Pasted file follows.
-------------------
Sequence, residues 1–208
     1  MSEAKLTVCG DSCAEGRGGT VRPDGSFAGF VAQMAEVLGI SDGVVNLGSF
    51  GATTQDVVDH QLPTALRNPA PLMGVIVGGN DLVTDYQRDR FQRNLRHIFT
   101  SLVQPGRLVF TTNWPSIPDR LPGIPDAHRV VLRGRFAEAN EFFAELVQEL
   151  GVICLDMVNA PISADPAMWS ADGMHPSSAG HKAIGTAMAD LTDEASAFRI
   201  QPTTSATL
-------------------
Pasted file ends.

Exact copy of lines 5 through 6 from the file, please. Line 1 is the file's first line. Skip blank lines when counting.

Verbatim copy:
   151  GVICLDMVNA PISADPAMWS ADGMHPSSAG HKAIGTAMAD LTDEASAFRI
   201  QPTTSATL